In one embodiment, a human physiological sample can be input into a reservoir on the PCB. The reservoir could be defined by the dry film soldermask. The sample can then be dispensed into droplets which will be mixed with the appropriate reagent droplets provided on the PCB or input onto the PCB. Some of the enzymatic assays can then be monitored optically (e.g., by absorbance, reflectometry, fluorescence, and luminescence). In the case of absorbance, the via holes can be filled with an optically transparent material so that the light can pass through a droplet positioned on one of these via holes for absorbance measurements.
In another embodiment, biochemical samples can also be synthesized on a PCB substrate using droplet manipulation techniques described herein. For example, on the PCB, a number of protein droplets can be dispensed from a reservoir and mixed with different reagents and incubated to automate finding conditions to crystallize a protein.
In a further embodiment, copper traces with thickness on the same order as the droplet height can be used so that the droplet is contained between the traces lying on the same substrate and covered with an insulator. The droplet is actuated through electric fields applied primarily in the plane of the substrate rather than perpendicular to it. Unlike the coplanar arrangement, where the droplet sits on the coplanar drive and reference electrodes and parallel-plate arrangement, where the droplet is sandwiched between the drive electrodes on a substrate and a common reference electrode on a parallel substrate, in this structure a droplet is sandwiched between the coplanar drive and reference electrodes.
While general embodiments and processes of the present subject matter have been discussed hereinabove, more specific embodiments of fabrication of an apparatus to manipulate micro-volume liquid samples wherein the apparatus comprises a printed circuit board substrate will now be discussed.
In a preferred embodiment, a FR-4 substrate is laminated with a ¼ Oz (˜9 μm) copper foil on both sides. 8 mil via holes are drilled through the substrate. These via holes are then electroplated with copper and filled with soldermask or an epoxy. Preferably, the via holes are button-plated to a thickness of about 5 μm where the via holes are specifically plated while the rest of the board is covered by a mask. The buttons are mechanically planarized and then the via holes are filled with soldermask or a non-conductive epoxy. After processing the via holes, a flash plating step is performed to a thickness of less than 5 μm. In case unfilled via holes are required, another step of drilling can be performed to obtain unfilled holes and plating is performed if necessary. At this stage, the designed electrode pattern is transferred onto the copper with a minimum line spacing of 2 mils by etching it through a mask. LPI is patterned and coated to a thickness of about 0.5 mils. Finally, a dry film soldermask is laminated and patterned to form the physical structures (e.g., wells and/or channels) to hold liquids and also to serve as a stand off material. In other embodiments, the stand off layer can also be obtained by using one of more LPI soldermask coatings or by laminating and etching a copper foil.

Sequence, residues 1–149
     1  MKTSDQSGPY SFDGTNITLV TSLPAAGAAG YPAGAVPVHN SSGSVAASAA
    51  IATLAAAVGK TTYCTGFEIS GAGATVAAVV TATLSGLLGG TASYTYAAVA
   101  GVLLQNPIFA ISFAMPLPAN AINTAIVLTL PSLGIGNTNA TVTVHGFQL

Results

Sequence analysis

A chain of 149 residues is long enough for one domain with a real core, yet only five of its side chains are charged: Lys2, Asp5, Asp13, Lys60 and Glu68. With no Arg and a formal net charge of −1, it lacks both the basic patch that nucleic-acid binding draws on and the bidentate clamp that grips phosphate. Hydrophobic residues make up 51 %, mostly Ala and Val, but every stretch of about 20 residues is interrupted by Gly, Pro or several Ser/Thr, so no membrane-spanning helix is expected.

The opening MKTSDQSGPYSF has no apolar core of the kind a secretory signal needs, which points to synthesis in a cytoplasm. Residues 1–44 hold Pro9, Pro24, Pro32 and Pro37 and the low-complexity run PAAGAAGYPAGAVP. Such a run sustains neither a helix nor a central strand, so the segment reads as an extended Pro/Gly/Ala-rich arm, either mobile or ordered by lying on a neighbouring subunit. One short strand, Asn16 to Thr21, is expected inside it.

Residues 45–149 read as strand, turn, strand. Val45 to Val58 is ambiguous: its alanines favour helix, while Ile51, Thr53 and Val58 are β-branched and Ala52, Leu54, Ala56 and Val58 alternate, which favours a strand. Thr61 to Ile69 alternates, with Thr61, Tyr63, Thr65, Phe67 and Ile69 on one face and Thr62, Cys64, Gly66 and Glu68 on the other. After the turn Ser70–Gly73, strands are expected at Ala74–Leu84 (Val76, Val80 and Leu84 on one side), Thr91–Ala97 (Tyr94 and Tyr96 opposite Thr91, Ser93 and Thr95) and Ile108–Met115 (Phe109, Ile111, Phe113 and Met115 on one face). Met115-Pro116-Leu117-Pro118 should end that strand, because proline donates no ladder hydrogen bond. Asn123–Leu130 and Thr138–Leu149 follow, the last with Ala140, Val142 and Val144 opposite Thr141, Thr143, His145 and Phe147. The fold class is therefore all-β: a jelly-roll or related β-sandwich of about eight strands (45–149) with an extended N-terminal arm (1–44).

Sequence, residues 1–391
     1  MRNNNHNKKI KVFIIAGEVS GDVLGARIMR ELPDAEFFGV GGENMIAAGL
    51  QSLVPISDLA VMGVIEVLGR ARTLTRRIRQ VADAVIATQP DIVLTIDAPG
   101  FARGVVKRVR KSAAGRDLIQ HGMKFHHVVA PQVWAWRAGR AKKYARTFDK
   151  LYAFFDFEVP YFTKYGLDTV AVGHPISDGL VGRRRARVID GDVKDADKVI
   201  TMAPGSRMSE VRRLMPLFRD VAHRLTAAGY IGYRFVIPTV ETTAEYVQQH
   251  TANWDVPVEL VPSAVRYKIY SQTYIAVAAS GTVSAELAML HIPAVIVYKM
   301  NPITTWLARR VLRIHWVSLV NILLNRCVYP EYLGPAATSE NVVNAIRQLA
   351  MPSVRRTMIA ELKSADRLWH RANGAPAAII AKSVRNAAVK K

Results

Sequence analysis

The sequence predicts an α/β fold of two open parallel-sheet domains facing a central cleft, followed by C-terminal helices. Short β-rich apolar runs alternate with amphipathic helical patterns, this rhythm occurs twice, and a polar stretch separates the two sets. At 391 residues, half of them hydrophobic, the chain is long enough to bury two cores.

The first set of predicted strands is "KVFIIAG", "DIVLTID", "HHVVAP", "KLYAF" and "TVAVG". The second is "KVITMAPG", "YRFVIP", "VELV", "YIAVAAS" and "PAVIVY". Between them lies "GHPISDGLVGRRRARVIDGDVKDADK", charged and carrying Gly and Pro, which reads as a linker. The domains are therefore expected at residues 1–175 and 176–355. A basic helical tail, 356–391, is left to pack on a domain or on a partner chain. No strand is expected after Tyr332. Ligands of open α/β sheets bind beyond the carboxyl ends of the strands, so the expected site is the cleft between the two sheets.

Experiments were conducted wherein a two-layer single-board design for an electric field-mediated droplet manipulator as disclosed herein was submitted to a commercially available electronics PCB manufacturer and tested. The design consisted of arrays of different control electrode shapes for transport and mixing of liquid droplets as well as specialized electrode shapes for dispensing of droplets from a larger liquid volume. The electrodes were connected to contact pads by conductive traces patterned in the same layer of copper on the surface of the PCB. Where necessary, the traces were routed between the two sides of the board using conventional vias at remote locations from the control electrodes. Several different chip designs and interconnection schemes were tested.
Some chips contained multiple copies of a single linear array of electrodes where the corresponding elements in each copy of the array were connected to the same electrical signal—thus multiple identical arrays could be controlled simultaneously. Other chips contained an electrode “bus” or conveyor structure where every fourth electrode in a contiguous line of control electrodes was connected to the same control signal. The use of such a structure allows arbitrarily long transport pathways to be controlled using a fixed number of control signals. Multiple droplets can be switched onto or off of the bus and synchronously transported. The contact pads were arranged along the side of the PCB and were designed to be contacted either using a standard edgecard connector or a standard SOIC test clip.